Top-Producing Real Estate Agents Impress By Doing These Key Things

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Comparisons between dating and real estate are often made, and when it comes to first impressions the similarities are certainly present—both the suitor and the agent must be pleasant, polite and it doesn’t hurt to be charming. Like a date, a broker’s aim after a first meeting is to win their client’s confidence.

The means of gaining this trust from a first impression vary from agent to agent, but one method remains constant no matter who you talk to—have a method.

Whether it’s a go-to joke to break the ice or a formal presentation, top brokers across the globe know that a little planning can go a long way when making a solid first impression with new clients.

Find Some Common Ground

While the relationship built between a broker and their client is based on business, relating to your client on a personal level can make for a stronger partnership, says Barak Sky, managing partner of the Sky Group of Long & Foster Real Estate.

“I don’t really get into real estate talk until I find a common ground with somebody, whether it’s skiing, tennis or anything under the moon. Just something I can connect on, and, once you’ve made that connection, then slowly transition to real estate.”

Often, says Skye, points of conversation can be inspired by the contents of a home. “Maybe it’s a picture on the wall or another point of interest, but you can focus on something in the house and get a discussion going, get everyone laughing and comfortable.”

Work Out of the Office

Keeping the setting as controlled as possible is essential, says Rick Higgins, Chairman and Owner of Fairfield County, Connecticut-based brokerage The Higgins Group Private Brokerage. Higgins recommends bringing clients into the office to ensure an initial meeting goes smoothly.

“After we go to their house, we’re going to ask them to come into the office. And we’ll give our market analysis and our thoughts. The reason we do that is I want to have that home-court advantage. We have a nice office, and we want to showcase that. Also, I want to know that the computer is going to be working, I want a big screen because we do a lot of visuals.”

Higgins continued that these presentations are vital to gaining the client’s confidence. First, we do a few minutes about the history and the background of our company. The second thing is we’re going to talk about marketing. And I want them to be excited about the marketing. I want to show them how we do things no one else is doing.”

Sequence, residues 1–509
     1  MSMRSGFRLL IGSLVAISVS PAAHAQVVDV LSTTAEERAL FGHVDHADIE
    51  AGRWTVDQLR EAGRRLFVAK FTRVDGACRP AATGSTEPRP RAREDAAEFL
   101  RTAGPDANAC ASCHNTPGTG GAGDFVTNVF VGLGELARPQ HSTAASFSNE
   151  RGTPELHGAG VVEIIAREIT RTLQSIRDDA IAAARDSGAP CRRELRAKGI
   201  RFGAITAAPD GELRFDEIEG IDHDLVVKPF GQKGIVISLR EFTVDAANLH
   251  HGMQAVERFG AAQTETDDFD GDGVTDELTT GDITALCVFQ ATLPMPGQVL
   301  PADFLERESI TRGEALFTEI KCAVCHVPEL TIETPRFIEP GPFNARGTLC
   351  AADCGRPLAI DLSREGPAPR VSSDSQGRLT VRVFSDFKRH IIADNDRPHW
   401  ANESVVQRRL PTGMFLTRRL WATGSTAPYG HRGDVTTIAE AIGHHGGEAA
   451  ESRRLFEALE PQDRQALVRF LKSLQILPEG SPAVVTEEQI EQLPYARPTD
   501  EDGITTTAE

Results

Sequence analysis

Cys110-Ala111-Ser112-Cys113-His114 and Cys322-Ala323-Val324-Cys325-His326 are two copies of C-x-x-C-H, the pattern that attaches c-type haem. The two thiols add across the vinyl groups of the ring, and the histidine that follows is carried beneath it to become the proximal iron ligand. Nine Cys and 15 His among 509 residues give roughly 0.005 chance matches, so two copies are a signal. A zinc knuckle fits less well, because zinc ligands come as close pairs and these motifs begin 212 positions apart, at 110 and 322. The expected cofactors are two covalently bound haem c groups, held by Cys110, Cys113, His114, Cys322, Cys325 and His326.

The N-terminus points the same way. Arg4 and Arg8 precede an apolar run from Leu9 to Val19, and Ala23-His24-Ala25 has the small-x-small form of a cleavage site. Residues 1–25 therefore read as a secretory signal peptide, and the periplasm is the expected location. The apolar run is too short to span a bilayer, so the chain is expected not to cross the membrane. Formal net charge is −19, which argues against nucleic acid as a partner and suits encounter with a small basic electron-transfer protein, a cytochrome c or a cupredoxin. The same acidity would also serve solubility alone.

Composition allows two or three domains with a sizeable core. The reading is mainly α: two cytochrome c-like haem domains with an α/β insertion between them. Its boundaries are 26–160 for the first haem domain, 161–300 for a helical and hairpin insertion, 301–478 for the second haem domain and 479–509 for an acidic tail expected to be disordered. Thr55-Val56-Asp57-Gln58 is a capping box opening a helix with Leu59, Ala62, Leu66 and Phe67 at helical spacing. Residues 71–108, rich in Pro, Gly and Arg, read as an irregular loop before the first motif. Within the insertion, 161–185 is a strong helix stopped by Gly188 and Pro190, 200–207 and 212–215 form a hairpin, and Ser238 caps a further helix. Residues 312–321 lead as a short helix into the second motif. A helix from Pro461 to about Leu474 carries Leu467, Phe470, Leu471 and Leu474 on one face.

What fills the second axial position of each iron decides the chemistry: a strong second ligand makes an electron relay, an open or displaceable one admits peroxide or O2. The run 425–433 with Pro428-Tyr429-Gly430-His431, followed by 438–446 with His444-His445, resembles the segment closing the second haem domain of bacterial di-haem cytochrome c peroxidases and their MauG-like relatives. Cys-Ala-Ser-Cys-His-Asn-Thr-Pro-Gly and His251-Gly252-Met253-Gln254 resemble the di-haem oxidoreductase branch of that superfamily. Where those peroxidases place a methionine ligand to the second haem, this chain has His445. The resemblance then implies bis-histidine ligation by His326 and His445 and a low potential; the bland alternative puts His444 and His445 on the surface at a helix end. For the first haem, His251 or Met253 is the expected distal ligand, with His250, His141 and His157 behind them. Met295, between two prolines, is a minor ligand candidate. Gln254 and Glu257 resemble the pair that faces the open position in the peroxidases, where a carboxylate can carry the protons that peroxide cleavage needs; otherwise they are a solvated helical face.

Send Out a Premail

With the modern real estate market being transformed by social media and online listings, first interactions can often take place before an in-person meeting. Leading real estate agent Stephanie Duran of Barker Realty in Santa Fe, New Mexico, says that online communication allows for a more curated first impression.

“My initial intro to all of our sellers, after a phone call, is an email from me and my team explaining exactly how we deliver a product. I want them to see what we do prior to the meeting so that they understand what we represent and the excellence that we represent. So, I walk in the door, and they know who I am.”

Duran added that in addition to market analysis, she and her team also send out video content in the initial email, including footage of “the property along with aerials.”

Move To the Kitchen

When planning a first meeting, sometimes the best strategies are the simplest. Eric Moreland of Austin-based brokerage Moreland Properties, advises that the small choice to move initial conversations to the kitchen can have a big impact.

“Always, always sit in the kitchen. A kitchen table kitchen is where they’re likely to spend a lot of their happier times, and you can lay out your information. Be overprepared. You bring all the necessary information that they might need because this is your chance to impress them. Then, set all the materials in the kitchen, and then we’ll walk the house and start having the conversation. ”

Aside from choosing the kitchen, Moreland also cautioned against having discussions in the dining room. “Never sit in the dining room. An old coach taught me years ago. Only bad things happen in the dining room.”

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